Globally, it is estimated that 1 billion people suffer from acute and chronic respiratory conditions, making them major causes of illness and death. Although there is a relative lack of data and evidence on lung health illnesses beyond tuberculosis (TB) in Sub-Saharan Africa (SSA), their estimated regional burden is large and growing. In addition, there is a poorly understood relationship between infections, such as TB, and non-infectious causes of lung health problems. The problem in lung health diseases in SSA is exacerbated by many factors, including under-prioritisation, under-treatment, and weak preventative measures.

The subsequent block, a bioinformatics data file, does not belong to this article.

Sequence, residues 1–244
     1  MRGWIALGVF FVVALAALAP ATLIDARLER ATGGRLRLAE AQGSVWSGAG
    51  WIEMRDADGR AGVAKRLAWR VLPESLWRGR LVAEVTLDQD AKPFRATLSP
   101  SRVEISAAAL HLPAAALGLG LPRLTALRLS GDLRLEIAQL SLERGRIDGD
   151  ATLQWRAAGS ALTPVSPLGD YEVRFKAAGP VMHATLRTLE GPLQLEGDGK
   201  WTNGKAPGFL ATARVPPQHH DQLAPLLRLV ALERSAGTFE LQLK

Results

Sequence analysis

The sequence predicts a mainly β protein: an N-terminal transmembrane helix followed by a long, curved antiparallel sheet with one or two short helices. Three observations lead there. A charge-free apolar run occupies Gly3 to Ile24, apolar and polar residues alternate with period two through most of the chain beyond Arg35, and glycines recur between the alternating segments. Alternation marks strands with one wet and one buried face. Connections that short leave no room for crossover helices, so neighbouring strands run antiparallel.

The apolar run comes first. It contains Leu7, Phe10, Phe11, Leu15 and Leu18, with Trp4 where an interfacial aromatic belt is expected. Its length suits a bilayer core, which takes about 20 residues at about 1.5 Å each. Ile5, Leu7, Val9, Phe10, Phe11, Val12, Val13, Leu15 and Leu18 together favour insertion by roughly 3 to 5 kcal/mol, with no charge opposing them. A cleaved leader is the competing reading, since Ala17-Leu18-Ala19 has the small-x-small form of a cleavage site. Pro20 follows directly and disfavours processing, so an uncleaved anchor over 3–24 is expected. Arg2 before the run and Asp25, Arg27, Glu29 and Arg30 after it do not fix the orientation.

This information sheet details the five biggest respiratory conditions plaguing the African continent – Asthma, Chronic Obstructive Pulmonary Disease (COPD), Tuberculosis (TB), Lung Cancer, acute respiratory infections such as pneumonia, and provides details about International Multidisciplinary Partnership to Address Lung Health and TB in Africa (IMPALA), a 4-year programme launched in 2017 to generate knowledge and implementable solutions for high burden, under-funded and under-researched health problems where lung health and TB belong. It also provides summaries of some of the studies being carried out by IMPALA Ph.D. and Postdoctoral Research Assistants (PDRAs) researchers to generate the knowledge needed to address the gaps and enable the implementation of policy-level change for improved lung health.